I love using existing materials because there is something very organic in doing so. I love the idea of almost being able to create art from anything around us. Producing art to me is all about making choices. By generating elements myself, Id feel like I open the doors to making more choices: what elements will I create, and why, and how... Not that there is anything wrong with that, but I tend to already be scattered quite a bit, and find it dangerous to add levels of confusion to my process. Im naturally more drawn to composition. I wanna focus on how shapes and colors can live in a space, or plan, and why and how things become harmonious, and make sense together. 

How do you come up with your color palettes and what are the reasons for your choices?

I find myself very challenged by certain palettes and don’t necessarily feel like my colors are quite there yet. Choices are mostly made by the subconscious part of my brain. I love witnessing how much my brain decides what feels right, what feels wrong, and how the addition of a single tone can sometime completely throw me off or get me excited. 
emeric trahand takeshi

How much work from today do you think will be still relevant in the next decade? 

Well I doubt any of it will by then be remembered. I always try to give some respect to the craft itself and as I said before and not fall into trends too much. I hope by this way, the work I do will resist time a little more, but I don’t really have expectations there.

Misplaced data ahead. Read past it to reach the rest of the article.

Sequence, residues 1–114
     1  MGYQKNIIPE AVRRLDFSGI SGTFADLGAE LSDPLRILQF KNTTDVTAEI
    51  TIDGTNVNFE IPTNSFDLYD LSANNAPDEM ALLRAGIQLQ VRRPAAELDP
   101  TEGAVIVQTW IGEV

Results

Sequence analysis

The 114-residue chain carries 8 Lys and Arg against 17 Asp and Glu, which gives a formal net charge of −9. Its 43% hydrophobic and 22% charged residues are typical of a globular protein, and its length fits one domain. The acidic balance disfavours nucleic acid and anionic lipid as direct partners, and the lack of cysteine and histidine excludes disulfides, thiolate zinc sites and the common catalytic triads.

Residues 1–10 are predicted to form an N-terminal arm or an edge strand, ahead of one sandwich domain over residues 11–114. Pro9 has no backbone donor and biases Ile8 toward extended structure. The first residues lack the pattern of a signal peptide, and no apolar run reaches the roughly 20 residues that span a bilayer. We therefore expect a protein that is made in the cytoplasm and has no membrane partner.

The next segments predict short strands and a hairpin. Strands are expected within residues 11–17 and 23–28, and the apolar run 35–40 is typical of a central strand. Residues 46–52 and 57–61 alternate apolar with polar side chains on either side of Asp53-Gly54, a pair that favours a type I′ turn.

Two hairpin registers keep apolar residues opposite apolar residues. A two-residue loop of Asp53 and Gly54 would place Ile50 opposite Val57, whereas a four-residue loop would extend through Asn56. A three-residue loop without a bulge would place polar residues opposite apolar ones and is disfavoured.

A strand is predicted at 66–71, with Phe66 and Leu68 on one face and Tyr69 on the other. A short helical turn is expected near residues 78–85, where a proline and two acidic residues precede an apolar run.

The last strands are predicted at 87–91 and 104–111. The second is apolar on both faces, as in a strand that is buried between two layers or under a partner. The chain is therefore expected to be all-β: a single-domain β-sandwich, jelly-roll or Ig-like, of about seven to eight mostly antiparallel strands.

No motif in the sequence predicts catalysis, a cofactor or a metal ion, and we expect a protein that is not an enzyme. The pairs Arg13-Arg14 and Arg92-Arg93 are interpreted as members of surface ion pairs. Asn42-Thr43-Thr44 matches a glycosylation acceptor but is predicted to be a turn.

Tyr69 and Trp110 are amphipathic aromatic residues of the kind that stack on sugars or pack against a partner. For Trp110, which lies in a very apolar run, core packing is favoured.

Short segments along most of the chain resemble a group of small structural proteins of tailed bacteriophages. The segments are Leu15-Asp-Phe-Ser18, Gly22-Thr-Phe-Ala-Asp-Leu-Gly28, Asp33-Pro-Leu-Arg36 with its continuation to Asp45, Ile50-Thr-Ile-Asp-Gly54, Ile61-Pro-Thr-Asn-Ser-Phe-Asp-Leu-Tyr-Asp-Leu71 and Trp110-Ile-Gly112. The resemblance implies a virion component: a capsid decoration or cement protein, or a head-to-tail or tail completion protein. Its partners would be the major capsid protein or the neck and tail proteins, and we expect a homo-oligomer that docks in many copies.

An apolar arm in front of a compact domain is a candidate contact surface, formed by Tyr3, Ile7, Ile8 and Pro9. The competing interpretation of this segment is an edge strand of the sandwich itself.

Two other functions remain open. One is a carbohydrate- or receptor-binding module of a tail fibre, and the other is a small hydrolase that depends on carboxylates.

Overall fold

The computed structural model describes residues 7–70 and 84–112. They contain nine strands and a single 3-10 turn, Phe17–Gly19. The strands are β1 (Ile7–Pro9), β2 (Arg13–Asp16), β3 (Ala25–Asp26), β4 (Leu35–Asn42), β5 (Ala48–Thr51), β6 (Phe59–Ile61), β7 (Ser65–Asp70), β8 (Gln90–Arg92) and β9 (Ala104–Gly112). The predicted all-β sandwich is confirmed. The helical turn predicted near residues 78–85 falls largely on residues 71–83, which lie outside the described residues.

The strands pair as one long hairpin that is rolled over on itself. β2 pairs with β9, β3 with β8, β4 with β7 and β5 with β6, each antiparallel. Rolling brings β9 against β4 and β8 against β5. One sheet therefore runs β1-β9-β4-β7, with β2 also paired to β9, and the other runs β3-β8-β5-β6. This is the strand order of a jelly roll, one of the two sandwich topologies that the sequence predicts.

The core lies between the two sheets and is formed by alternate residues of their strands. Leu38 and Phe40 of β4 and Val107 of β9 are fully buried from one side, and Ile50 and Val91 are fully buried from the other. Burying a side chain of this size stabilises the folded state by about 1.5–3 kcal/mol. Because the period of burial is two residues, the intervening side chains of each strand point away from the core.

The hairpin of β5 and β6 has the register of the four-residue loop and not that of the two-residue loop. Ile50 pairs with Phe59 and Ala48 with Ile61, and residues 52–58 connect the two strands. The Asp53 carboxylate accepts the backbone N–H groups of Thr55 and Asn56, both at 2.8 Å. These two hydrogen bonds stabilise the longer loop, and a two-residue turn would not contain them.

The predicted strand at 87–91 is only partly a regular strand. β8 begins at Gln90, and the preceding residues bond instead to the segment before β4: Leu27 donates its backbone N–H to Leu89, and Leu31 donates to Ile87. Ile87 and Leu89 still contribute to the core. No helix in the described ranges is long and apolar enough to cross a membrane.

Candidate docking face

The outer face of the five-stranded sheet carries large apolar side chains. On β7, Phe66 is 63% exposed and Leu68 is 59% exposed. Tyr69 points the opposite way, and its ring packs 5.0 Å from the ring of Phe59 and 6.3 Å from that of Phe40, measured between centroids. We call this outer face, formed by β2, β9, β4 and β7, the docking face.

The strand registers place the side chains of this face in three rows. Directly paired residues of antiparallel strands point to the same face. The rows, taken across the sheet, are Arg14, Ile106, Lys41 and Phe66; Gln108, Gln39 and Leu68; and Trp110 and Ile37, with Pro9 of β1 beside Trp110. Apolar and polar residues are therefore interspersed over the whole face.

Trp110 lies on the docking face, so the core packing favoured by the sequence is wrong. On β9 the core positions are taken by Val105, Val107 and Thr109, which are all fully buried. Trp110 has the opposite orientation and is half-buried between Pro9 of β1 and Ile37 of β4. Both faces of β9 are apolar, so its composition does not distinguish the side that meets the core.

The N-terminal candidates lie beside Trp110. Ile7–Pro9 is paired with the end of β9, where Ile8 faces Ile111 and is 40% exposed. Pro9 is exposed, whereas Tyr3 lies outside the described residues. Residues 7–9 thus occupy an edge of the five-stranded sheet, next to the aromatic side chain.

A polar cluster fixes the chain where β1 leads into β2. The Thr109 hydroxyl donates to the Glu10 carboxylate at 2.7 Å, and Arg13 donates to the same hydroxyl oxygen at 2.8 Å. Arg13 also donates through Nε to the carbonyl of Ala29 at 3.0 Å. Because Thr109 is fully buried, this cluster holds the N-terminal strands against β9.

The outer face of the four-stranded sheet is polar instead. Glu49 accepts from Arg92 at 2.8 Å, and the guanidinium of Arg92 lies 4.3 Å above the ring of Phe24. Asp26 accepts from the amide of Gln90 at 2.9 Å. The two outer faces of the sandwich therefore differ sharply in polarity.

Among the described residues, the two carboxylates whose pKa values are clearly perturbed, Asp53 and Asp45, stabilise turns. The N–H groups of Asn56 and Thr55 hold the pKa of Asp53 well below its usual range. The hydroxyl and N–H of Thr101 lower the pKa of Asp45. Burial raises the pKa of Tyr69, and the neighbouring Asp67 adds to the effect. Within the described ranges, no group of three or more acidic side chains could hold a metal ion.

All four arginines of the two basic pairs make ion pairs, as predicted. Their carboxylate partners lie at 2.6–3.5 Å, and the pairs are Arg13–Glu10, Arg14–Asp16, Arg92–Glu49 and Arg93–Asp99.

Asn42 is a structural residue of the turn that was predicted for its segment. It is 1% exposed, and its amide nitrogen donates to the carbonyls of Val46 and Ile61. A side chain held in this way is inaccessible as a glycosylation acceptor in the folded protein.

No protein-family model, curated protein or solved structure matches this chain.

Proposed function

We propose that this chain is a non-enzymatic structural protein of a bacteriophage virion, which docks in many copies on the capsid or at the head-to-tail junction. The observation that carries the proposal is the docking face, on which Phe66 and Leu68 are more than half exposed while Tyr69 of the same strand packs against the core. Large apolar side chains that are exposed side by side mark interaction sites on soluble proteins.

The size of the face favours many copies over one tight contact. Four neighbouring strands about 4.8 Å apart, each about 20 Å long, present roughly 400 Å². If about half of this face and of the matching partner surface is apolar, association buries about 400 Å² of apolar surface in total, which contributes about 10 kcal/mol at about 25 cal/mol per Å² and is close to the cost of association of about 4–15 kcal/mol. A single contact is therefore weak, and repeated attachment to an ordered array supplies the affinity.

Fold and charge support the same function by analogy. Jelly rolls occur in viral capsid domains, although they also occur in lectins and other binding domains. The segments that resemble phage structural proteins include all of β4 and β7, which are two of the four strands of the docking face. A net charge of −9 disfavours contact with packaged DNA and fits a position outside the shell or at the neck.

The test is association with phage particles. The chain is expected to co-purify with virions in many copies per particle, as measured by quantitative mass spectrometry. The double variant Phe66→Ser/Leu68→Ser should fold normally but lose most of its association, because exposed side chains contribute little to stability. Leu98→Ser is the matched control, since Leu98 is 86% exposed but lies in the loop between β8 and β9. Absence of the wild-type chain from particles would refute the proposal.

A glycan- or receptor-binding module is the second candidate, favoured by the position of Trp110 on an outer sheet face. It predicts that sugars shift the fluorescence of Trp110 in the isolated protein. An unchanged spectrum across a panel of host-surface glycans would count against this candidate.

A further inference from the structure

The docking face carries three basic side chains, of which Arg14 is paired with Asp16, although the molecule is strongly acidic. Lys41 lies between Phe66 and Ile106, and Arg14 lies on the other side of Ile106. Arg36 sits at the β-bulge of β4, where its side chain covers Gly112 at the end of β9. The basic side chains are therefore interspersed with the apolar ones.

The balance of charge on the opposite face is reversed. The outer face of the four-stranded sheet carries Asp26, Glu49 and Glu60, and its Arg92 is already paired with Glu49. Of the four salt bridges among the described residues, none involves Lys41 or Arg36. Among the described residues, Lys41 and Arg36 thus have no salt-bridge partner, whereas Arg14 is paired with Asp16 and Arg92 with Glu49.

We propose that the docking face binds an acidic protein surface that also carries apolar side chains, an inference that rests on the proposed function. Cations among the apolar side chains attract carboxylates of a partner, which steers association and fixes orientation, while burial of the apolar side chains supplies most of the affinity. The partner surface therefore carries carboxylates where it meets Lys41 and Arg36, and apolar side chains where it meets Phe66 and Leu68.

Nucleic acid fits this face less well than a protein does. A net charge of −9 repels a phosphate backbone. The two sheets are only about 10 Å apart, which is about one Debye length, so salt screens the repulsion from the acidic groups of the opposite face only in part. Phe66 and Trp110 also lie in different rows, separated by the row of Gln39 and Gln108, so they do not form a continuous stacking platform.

What new technologies and creatives tools do you think we’ll have in near future?

There will probably be intuitive tools everywhere, assisted creation software, feather weight transparent devices connected to your brains… I’m not sure. I don’t necessarily have a strong personal interest in the technology used to make art. I tend of detach myself from it actually, and would love to see myself freed from technology in 10 years. I don’t deny technologies has had a revolutionary impact on art and the creative world, and Im sure it will keep going. I just hope I find a way to not care about it much. 

What is your opinion on creativity vs technology. Are computers aiding us to find new ideas or just spawning endless imitations?

Technologies are focused on making things easy for us. We don’t need to learn anything anymore. We got a phone with a high resolution camera, doing the light settings, retouching, focusing, publishing all automatically. We only got an illusion of being in charge. It is easier everyday to do things, and it is easier to see what others do. Sadly it results on people not doing much effort to reproduce what they did not do much effort discovering. 
emeric trahand takeshiemeric trahand takeshi

From your folio, do you have a stand out piece you’re most proud of?

There are a couple pieces in there. I think I love them a bit for their visual qualities, but also a lot for what they changed in my career, or where I was in life when I made them. I can’t exactly define my proudest moment though. I’m doubting a lot, and am not confident with the value of my work. This is part of my personality and that has always pushed me to keep going. 

What is the one thing you learned at the beginning of your career, that you still use today?

I think very early I learned to keep challenging myself and stay away from self satisfaction. 


CREDITS & INFO

Interview by Radim Malinic
Images by Takeshi

ARCHIVE

Read more interviews
from the previous issues

SHARE THIS ARTICLE

Facebook | Twitter | Tumblr
Email link


Sender's e-mail:


Friend's e-mail:


Message:




COLOURSPACES

Established. 2010



©Copyright protected. All rights reserved.

COLOURSPACES


Facebook | Twitter | Tumblr | Newsletter


©Copyright protected. All rights reserved.